- Nagorno-Karabakh has been part of Azerbaijan territory since the Soviet era.
- When the Soviet Union began to collapse in the late 1980s, Armenia’s regional parliament voted for the region’s transfer to Armenia; the Soviet authorities turned down the demand.
- Years of clashes followed between Azerbaijan forces and Armenian separatists
- In 1994, Russia brokered a ceasefire, by which time ethnic Armenians had taken control of the region.
- While the area remains in Azerbaijan, it is today governed by separatist Armenians who have declared it a republic called the “Nagorno-Karabakh Autonomous Oblast”.
- While the Armenian government does not recognise Nagorno-Karabakh as independent, it supports the region politically and militarily.
- Have there been other ceasefire agreements?
- Even after the 1994 peace deal, the region has been marked by regular exchanges of fire. In 2016, it saw a Four-Day War before Russia mediated peace.
- The Organization for Security and Co-operation in Europe (OSCE) Minsk Group, chaired by France, Russia and the US, has tried to get the two countries to reach a peace agreement for several years.
- This October, both countries agreed to a ceasefire agreement, which was also brokered by Russia but was unsuccessful.
What is the role of ethnicity in the conflict between the two countries?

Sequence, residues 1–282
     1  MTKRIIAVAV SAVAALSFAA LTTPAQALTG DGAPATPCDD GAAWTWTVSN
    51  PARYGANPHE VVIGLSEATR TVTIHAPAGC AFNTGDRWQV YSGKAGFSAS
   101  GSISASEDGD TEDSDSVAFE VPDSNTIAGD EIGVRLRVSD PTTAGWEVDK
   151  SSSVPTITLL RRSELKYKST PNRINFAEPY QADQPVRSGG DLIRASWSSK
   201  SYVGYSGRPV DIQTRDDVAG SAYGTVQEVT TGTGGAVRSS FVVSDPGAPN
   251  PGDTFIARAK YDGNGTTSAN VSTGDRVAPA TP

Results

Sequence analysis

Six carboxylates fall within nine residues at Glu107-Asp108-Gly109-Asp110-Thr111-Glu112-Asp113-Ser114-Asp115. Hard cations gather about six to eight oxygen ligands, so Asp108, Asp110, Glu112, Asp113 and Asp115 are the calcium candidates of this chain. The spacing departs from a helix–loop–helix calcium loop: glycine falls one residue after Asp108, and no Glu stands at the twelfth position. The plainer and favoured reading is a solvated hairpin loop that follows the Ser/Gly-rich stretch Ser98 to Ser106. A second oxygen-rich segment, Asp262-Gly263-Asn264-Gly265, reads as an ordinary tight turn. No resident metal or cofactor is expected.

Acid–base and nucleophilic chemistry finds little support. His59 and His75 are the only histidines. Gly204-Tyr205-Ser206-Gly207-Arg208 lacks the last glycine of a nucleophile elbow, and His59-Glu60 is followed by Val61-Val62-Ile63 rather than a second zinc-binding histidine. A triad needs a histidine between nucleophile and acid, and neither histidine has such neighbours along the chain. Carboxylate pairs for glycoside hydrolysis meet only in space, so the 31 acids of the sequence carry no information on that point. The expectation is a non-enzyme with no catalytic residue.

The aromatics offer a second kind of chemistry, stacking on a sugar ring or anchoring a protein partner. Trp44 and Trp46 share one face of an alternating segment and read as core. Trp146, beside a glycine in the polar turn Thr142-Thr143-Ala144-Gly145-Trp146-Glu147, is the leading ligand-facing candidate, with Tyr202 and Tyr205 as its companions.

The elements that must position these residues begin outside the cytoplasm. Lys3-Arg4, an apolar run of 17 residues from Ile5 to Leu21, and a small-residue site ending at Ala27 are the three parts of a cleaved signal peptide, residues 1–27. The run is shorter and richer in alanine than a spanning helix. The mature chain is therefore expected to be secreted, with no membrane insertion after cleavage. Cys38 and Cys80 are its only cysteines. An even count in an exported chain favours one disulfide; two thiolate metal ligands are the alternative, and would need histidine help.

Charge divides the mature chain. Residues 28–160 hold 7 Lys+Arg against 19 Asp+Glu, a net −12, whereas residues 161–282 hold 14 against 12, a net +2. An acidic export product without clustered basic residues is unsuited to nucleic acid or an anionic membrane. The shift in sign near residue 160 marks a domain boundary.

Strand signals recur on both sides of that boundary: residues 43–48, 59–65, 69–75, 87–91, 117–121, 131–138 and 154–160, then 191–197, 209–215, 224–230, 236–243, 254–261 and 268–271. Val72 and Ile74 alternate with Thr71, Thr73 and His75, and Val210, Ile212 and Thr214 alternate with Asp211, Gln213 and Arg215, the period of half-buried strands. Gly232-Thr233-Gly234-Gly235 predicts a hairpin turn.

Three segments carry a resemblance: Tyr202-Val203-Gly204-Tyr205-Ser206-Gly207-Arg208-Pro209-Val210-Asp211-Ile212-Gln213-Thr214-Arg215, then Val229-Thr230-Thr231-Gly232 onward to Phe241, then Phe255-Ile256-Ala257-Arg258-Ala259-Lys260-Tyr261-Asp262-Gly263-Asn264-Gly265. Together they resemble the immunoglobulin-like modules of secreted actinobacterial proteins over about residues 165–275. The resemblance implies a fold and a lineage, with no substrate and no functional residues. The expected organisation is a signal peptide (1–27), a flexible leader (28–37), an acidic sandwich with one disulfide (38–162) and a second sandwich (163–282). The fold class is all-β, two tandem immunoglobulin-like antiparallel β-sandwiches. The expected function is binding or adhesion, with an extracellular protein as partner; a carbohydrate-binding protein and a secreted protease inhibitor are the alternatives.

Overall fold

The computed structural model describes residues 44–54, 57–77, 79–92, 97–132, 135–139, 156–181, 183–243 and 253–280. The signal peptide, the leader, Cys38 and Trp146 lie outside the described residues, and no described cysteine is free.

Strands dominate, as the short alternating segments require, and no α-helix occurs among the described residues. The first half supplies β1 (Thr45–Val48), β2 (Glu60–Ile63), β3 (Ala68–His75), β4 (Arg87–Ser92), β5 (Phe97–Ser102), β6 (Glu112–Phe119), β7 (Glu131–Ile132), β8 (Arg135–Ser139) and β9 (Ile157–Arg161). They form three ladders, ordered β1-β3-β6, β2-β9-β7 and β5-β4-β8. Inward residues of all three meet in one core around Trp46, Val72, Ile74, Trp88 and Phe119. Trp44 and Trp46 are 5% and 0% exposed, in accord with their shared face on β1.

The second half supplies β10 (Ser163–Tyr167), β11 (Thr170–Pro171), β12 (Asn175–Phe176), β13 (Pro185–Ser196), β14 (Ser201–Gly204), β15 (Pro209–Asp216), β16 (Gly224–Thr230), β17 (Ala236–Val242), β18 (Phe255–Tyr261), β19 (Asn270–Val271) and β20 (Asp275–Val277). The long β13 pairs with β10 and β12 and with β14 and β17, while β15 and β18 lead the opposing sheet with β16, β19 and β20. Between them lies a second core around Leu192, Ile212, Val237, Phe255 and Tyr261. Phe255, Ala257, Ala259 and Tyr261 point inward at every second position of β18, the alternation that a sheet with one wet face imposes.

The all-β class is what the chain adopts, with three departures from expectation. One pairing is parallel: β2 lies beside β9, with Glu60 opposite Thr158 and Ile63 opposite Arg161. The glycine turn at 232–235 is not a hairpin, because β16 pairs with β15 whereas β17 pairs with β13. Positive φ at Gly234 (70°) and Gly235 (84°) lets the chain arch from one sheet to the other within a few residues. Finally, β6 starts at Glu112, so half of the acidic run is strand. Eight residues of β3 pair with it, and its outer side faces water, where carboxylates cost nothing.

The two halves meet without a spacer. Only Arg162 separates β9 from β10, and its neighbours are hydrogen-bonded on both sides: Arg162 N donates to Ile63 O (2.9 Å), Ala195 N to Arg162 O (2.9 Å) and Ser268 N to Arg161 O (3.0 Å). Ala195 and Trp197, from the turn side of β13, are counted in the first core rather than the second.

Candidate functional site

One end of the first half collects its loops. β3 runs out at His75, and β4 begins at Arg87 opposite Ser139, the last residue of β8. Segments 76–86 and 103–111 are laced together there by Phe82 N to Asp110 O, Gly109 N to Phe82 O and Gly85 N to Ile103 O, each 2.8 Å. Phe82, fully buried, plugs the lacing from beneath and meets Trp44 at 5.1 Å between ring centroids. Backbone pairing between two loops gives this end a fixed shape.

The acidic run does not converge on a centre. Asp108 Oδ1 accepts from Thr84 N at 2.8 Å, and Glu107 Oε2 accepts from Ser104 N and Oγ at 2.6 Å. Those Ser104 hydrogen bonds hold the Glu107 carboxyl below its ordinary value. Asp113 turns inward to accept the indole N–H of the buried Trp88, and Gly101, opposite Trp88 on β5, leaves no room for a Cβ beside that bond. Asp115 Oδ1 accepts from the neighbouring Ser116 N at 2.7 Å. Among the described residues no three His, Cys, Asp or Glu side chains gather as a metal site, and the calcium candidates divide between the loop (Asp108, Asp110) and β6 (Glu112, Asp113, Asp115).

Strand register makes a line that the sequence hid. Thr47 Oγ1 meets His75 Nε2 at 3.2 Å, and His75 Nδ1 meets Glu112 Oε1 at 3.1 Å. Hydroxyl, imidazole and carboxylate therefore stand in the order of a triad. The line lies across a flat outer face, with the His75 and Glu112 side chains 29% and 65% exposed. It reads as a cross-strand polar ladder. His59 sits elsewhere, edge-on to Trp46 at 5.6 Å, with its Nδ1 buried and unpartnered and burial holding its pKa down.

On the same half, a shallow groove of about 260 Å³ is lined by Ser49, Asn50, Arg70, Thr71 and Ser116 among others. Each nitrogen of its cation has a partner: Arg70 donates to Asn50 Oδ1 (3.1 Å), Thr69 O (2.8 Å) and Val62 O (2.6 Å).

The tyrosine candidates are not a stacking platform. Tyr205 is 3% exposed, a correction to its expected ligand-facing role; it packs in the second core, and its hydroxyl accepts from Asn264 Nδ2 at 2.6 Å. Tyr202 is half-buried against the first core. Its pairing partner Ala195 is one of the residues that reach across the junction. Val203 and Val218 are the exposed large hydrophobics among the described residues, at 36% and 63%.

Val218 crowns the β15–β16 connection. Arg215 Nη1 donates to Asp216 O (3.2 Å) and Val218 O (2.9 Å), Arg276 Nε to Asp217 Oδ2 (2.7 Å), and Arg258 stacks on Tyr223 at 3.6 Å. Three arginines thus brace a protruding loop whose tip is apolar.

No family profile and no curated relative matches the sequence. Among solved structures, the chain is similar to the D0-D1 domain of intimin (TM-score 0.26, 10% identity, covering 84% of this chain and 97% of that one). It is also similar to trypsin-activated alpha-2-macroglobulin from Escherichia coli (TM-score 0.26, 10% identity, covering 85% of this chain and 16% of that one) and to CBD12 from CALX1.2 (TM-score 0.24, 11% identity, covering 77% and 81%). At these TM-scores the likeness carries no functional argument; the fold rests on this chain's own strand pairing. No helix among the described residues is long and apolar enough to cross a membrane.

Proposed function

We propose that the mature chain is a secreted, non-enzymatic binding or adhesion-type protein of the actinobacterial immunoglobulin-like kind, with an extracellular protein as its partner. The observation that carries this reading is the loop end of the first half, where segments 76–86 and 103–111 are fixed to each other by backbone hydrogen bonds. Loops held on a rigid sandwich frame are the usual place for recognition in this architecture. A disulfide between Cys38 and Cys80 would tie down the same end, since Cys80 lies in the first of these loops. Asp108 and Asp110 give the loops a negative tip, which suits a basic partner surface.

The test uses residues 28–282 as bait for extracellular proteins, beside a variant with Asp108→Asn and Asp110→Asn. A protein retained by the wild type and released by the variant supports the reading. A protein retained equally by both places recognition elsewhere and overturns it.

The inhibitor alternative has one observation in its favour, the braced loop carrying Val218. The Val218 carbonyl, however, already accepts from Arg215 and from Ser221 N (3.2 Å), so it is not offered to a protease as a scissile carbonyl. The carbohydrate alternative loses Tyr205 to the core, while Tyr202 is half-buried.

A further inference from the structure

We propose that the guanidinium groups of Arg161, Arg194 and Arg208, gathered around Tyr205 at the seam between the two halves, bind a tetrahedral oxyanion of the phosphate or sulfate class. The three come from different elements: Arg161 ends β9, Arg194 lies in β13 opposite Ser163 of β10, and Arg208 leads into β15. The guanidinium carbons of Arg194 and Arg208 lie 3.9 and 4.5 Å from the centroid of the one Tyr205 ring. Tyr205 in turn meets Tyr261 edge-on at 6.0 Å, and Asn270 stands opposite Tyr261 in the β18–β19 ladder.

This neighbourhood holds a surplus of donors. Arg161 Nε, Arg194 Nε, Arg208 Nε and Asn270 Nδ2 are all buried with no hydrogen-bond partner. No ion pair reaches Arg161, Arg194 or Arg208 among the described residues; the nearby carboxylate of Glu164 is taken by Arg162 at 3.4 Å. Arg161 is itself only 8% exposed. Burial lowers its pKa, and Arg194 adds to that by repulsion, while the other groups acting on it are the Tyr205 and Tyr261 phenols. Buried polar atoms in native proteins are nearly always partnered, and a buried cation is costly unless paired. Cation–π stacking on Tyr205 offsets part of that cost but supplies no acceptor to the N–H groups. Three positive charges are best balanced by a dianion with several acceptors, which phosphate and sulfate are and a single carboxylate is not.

- Ethnic tensions from decades ago have a crucial role in the dispute.
- While the Azeris claim that the disputed region was under their control in known history, Armenians maintain that Karabakh was a part of the Armenian kingdom.
- At present, the disputed region consists of a majority Armenian Christian population, even though it is internationally recognised as a part of Muslim-majority Azerbaijan.
- A large asteroid, which was expected to pass extremely close to Earth, may now hit the blue planet in 2068 due to a phenomenon called Yarkovsky effect.
- This effect has eventually accelerated the asteroid’s flow and also changed its path.
- Astronomers, closely studying the asteroid, believe that the chances of an impact on Earth are very low, but it is still a possibility. They “will know well before 2068 if there is any chance of an impact”.
- Discovered in 2004, asteroid Apophis is a 1,120-foot-wide (340-meter-wide) asteroid.
- That’s about the size of three-and-a-half football fields, the National Aeronautics and Space Administration said.
- The sun can heat an asteroid in a non-uniform way, causing the space rock to radiate heat energy asymmetrically. This can cause a thrust or a tiny push in a certain direction, sometimes changing the path of the asteroid.
- All asteroids need to reradiate as heat the energy they absorb from sunlight in order to maintain thermal equilibrium, a process that slightly changes the orbit of the asteroid.
- As per the new calculations by astronomers, asteroid Apophis, which will also be extremely close to Earth on April 13, 2029, is deviating from its actual orbit and may crash into Earth in 2028.
- Asteroid Apophis, named after the Greek God of Chaos, is expected to harmlessly zip past Earth on April 13, 2029.
- According to NASA, during its 2029 flyby, “asteroid Apophis will first become visible to the naked eye in the night sky over the southern hemisphere”. It will look like “a speck of light moving from east to west over Australia.”
Stranded Indian Merchant Ship At China’s Jingtang Port